Venezuela: Heirs of the revolution

July 26, 2008

"We are the sons and daughters of Bolivarian socialism and we want to defend it", explained Eduardo Churrio, speaking to Green Left Weekly.

A 25-year-old history student and political activist in the student city of Merida, Churrio is amongst the thousands of young people who have taken up the challenge of building the United Socialist Party of Venezuela Youth (JPSUV), whose formation was officially announced in July.

The JPSUV will be a "fundamental instrument of the revolution", Darwin Contreras, 21, told GLW. "Young people are going to be the vanguard and the hope that the revolution continues well into the future."

Since the middle of last year, when some 5.7 million Venezuelans made the decision to become part of the process, kick-started by Venezuela's socialist President Hugo Chavez, of constructing a united party of the revolution — the PSUV — both have been active militants in the newly formed party.

Chavez's call for the new party comes in the context of the continued deepening of the socialist revolution in Venezuela that — having taken back control of the nation's oil wealth through a fierce battle against the ruling class — has begun to put it at the service of the people.

Central to the policies of Venezuela's revolutionary government has been working towards the eradication of poverty and the provision of free health care and education, from primary school through to university.

Young people have played an important role in all this, leading the charge in working with communities to establish social missions around education, health care, the environment and other issues. Thousands of young people volunteered to teach in Mission Robinson, which successfully wiped out illiteracy across the country.

Destroying the myth of an apolitical generation of youth, hundreds of thousands of young people also joined the ranks of the PSUV. Today, many of them are actively participating in the building of a youth section of the party.

One such activist is Raquel Barrios, a 28-year-old environmental activist, who told GLW that such an organisation is crucial in order "to offer our homeland a fighting impetus and adventurous and irreverent capacity in the face of the injustices of capitalist society".

Since the announcement about beginning to build the JPSUV, young people have begun to organise themselves in teams of 10 from within each socialist battalion — the grassroots units of the PSUV. All members of the JPSUV are between the ages of 18 and 28.

Those above the age of 15 who are sympathisers of the PSUV can be active in the youth teams. After turning 18, they can become members of the PSUV.

The aim is to establish 14,000 youth teams involving around 140,000 young people. From this grassroots structure, "Assemblies of Youth of the JPSUV" will he held, each bringing together around 10 youth teams. Out of these assemblies, spokespeople will be elected to the founding congress of the JPSUV, which is set for September.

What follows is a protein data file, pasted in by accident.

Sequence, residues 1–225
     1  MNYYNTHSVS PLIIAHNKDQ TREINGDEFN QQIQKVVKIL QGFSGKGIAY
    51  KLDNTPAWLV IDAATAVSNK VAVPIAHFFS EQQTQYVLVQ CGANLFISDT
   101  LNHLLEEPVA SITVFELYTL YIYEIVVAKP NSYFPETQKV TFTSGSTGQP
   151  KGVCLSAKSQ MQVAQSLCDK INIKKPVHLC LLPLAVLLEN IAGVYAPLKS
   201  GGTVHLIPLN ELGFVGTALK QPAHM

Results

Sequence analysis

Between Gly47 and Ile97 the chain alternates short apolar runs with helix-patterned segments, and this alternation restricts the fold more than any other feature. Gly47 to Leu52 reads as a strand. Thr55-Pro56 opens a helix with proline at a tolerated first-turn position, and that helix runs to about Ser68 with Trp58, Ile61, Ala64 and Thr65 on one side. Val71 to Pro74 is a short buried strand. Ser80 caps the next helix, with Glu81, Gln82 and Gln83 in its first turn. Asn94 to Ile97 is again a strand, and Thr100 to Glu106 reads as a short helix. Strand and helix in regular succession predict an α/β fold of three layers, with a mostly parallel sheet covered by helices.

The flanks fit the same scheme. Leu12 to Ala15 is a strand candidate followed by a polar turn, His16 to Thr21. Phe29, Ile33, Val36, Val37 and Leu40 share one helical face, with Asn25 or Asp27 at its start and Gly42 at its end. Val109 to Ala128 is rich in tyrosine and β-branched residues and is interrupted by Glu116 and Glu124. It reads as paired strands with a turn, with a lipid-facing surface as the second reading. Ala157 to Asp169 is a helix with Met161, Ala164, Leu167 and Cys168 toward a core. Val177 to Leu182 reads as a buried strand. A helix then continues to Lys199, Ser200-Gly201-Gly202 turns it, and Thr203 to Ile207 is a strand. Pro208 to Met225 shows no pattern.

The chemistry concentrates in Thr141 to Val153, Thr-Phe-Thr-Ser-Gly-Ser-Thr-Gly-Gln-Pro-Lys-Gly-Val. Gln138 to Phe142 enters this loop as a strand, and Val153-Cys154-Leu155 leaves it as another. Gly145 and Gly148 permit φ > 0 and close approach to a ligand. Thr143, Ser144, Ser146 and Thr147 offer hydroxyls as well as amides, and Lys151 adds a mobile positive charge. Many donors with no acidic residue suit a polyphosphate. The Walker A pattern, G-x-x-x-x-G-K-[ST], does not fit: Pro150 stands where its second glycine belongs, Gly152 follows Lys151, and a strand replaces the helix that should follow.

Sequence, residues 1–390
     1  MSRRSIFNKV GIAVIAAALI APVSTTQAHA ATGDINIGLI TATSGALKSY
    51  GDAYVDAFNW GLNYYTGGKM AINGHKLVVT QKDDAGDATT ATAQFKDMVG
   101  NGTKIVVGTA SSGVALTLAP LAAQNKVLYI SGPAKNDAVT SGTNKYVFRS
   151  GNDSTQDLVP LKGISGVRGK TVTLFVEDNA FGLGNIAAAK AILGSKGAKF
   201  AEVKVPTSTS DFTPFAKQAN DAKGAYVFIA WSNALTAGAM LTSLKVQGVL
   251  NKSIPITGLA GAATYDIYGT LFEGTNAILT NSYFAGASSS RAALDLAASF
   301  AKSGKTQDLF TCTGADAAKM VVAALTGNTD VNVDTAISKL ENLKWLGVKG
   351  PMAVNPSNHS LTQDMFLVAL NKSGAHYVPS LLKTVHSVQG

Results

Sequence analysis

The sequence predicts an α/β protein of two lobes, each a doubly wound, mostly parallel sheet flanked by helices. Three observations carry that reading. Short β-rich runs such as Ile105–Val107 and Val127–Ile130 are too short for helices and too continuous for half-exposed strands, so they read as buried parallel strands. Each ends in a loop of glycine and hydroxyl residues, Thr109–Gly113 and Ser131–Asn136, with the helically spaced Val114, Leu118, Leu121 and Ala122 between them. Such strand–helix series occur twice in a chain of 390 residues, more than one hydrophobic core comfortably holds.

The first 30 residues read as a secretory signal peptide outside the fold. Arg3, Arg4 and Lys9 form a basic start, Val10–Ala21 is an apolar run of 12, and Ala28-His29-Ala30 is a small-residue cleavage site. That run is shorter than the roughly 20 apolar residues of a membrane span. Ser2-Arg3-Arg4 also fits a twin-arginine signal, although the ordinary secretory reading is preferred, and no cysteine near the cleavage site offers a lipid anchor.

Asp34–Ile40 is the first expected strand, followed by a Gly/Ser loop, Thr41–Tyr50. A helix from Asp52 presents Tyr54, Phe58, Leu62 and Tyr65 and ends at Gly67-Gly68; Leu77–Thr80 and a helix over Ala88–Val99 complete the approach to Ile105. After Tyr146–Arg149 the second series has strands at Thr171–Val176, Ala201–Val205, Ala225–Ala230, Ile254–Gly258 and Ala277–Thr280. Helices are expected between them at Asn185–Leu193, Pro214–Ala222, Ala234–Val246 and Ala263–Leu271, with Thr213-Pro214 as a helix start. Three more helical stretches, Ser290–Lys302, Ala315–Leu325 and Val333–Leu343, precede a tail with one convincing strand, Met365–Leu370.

These young people have a massive task ahead of them. Apart from building such a vital tool for the revolution, linking up the most revolutionary sectors of youth, they are confronted with the November regional elections. It is crucial that the revolution maintain the positions they have won in previous elections. Already the JPSUV have declared their intentions of being at the forefront of this campaign, and of working to ensure that all young people are enrolled to vote.

But more importantly, these young people have the task of creating the new leaders of this revolution, and of being part of creating a new society, based on the new socialist men and women that Argentinian revolutionary Che Guevara spoke about. Chavez has always put emphasis on the importance of young people, stating that this revolution is for the future generations of youth.

In an article on the revolutionary website, Jorge Amorin, one of the national leaders in the process of building the JPSUV, wrote on July 14: "The PSUV faces a new challenge of forming a strong youth organisation … that can convert itself into the spearhead of socialist policy in Venezuela. Young people with firm values, who believe in the new man and woman, and who have stamped in their consciousness the hard task of constructing the country and the world we want."

For Amorin, the youth of Venezuela are up for the challenge because "throughout all of history, young people have been at the forefront of struggles and social changes, not just because of their age, but because of the combative character and idealism of those who are young of spirit and heart"

[Federico Fuentes and Tamara Pearson are two young Australian activists living in Venezuela. Both have been involved in Resistance in Australia. Resistance will be present at the founding congress of the JPSUV.]

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